EDITORIAL: He’s no hero, but Julian Assange’s release ends a tawdry saga

The Nightly
His lengthy incarceration has made unlikely allies of many on opposite sides of the political spectrum. 
His lengthy incarceration has made unlikely allies of many on opposite sides of the political spectrum.  Credit: AAP

Julian Assange’s expected guilty plea to charges of espionage brought against him by the US will bring an abrupt end to a legal saga that has lasted the better part of a decade and a half.

His lengthy incarceration has made unlikely allies of many on opposite sides of the political spectrum.

There were those on the left who lauded the Australian as a warrior for truth and justice, committed to exposing the misdeeds of the powerful — even the most powerful institution to ever exist, the United States Government.

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Then there were those on the right who lobbied for Assange’s freedom because they were concerned about the precedent the pursuit of espionage charges against him would set. Even if Assange himself wasn’t a journalist, what he had done in publishing information the US wanted to remain secret was not all that different to what real national security journalists do every day.

Others questioned the US’s right to pursue Assange, given he had broken no Australian laws and was not on US soil at the time of the documents’ release.

Assange is no hero. He is a reckless, attention-seeking, self-aggrandiser who willingly endangered the lives of countless Iraq and Afghan citizens who were working with coalition forces, as well as intelligence agents from nations including Australia.

Julian Assange heading to board a plane at Stansted airport, London
Julian Assange boarded a flight at Stansted Airport in he UK to head to a hearing in Saipan. Credit: AAP

Their lives, particularly those of the locally engaged employees and informants, were simply collateral damage to Wikileaks. In exposing some US abuses in those conflicts, Assange also exposed those people — among them true heroes — to the very real risk of deadly reprisal from the Taliban.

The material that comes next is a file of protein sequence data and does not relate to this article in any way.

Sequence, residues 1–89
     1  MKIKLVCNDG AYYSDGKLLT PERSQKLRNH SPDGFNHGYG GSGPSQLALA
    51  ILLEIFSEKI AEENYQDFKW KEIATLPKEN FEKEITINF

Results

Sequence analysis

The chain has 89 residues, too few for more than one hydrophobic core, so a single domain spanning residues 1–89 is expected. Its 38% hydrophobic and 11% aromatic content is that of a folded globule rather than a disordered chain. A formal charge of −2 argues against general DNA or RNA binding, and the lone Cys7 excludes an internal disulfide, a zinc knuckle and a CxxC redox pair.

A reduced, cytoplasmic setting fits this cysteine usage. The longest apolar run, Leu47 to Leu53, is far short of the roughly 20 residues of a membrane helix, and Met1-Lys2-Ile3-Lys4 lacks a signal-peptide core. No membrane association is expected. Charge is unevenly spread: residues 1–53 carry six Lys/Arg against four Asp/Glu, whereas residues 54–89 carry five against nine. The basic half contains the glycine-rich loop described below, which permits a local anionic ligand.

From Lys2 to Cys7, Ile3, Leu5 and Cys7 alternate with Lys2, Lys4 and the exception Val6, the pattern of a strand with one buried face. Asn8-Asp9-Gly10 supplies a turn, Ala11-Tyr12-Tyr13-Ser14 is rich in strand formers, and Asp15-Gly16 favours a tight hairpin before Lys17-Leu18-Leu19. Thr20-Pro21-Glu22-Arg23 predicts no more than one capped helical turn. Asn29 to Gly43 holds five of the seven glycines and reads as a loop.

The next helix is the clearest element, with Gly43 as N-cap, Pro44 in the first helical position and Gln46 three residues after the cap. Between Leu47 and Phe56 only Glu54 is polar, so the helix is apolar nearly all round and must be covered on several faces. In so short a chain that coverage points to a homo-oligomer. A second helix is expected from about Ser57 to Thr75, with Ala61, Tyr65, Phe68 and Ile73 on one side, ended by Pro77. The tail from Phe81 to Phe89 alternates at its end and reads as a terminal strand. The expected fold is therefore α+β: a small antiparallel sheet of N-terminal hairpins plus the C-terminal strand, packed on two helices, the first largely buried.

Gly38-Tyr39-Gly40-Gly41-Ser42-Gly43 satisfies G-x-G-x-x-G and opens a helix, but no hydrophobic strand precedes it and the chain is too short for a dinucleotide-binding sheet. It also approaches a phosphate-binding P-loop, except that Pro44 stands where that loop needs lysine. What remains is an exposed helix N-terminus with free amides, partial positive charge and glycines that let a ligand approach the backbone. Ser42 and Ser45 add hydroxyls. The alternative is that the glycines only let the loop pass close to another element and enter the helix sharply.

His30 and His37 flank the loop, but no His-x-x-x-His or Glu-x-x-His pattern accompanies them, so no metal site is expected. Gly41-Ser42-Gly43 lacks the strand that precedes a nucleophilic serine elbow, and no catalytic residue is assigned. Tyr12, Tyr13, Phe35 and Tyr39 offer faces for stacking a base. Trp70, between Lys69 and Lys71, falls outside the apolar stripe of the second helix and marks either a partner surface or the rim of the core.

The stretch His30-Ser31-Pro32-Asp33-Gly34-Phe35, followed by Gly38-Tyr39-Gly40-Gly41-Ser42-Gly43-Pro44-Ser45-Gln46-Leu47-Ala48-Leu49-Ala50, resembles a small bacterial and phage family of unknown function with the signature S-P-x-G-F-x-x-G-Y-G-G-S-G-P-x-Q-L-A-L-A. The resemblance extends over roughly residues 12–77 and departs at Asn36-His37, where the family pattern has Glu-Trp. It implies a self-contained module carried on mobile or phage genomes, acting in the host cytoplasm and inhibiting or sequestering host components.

Assange’s commitment to the truth — so absolute when it relates to others — is fickle when it is his own neck on the chopping block. His seven-year-long isolation in London’s Ecuadorian embassy came as he sought to avoid extradition to Sweden on sex crime charges, which he said had been trumped up in a conspiracy to have him eventually sent to the US.

Sweden dropped those charges in 2019, despite the nation’s deputy chief prosecutor maintaining his accuser’s evidence was reliable and credible.

Assange’s refusal to cooperate with authorities means that the woman has been denied the chance to have her allegations tested in court, and for justice to be done, whichever way the outcome may have fallen.

That said, that this saga is nearing an end is welcome. It had dragged on too long. Assange has been in a maximum-security prison in the UK since April 2019. His expected release on Wednesday as part of a plea deal will reflect that there’s nothing to be gained by keeping him incarcerated any longer.

It comes after lobbying from Australian politicians, including Anthony Albanese, for a resolution to the case. That his advocacy has resulted in Joe Biden agreeing to cut Assange a deal is a significant political win for the Prime Minister, both in demonstrating his sway internationally and in appealing to the potential Greens voters who mistakenly consider Assange a hero.

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